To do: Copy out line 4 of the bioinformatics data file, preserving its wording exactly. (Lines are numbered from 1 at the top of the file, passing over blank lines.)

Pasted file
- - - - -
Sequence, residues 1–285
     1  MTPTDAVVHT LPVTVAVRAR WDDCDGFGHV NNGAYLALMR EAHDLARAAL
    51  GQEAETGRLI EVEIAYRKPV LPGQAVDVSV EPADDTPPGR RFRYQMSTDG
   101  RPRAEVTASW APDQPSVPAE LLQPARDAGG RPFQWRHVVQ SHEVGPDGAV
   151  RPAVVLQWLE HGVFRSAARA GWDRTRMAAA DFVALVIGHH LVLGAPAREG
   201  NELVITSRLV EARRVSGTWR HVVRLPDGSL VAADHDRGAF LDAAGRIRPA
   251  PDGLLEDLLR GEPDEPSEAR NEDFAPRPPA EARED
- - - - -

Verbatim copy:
   101  RPRAEVTASW APDQPSVPAE LLQPARDAGG RPFQWRHVVQ SHEVGPDGAV